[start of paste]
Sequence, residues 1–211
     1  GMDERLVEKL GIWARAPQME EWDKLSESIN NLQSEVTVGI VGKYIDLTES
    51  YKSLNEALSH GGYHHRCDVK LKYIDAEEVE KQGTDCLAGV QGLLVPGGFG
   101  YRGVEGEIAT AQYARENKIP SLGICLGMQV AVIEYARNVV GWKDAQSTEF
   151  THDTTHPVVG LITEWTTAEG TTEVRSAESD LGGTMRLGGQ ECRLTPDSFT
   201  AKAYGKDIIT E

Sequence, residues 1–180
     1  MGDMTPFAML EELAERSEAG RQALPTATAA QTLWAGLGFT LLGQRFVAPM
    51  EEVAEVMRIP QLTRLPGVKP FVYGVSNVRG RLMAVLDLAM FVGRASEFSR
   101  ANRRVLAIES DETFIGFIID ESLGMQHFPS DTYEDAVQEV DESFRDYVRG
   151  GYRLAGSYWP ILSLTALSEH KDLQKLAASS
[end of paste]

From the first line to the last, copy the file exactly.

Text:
Sequence, residues 1–211
     1  GMDERLVEKL GIWARAPQME EWDKLSESIN NLQSEVTVGI VGKYIDLTES
    51  YKSLNEALSH GGYHHRCDVK LKYIDAEEVE KQGTDCLAGV QGLLVPGGFG
   101  YRGVEGEIAT AQYARENKIP SLGICLGMQV AVIEYARNVV GWKDAQSTEF
   151  THDTTHPVVG LITEWTTAEG TTEVRSAESD LGGTMRLGGQ ECRLTPDSFT
   201  AKAYGKDIIT E

Sequence, residues 1–180
     1  MGDMTPFAML EELAERSEAG RQALPTATAA QTLWAGLGFT LLGQRFVAPM
    51  EEVAEVMRIP QLTRLPGVKP FVYGVSNVRG RLMAVLDLAM FVGRASEFSR
   101  ANRRVLAIES DETFIGFIID ESLGMQHFPS DTYEDAVQEV DESFRDYVRG
   151  GYRLAGSYWP ILSLTALSEH KDLQKLAASS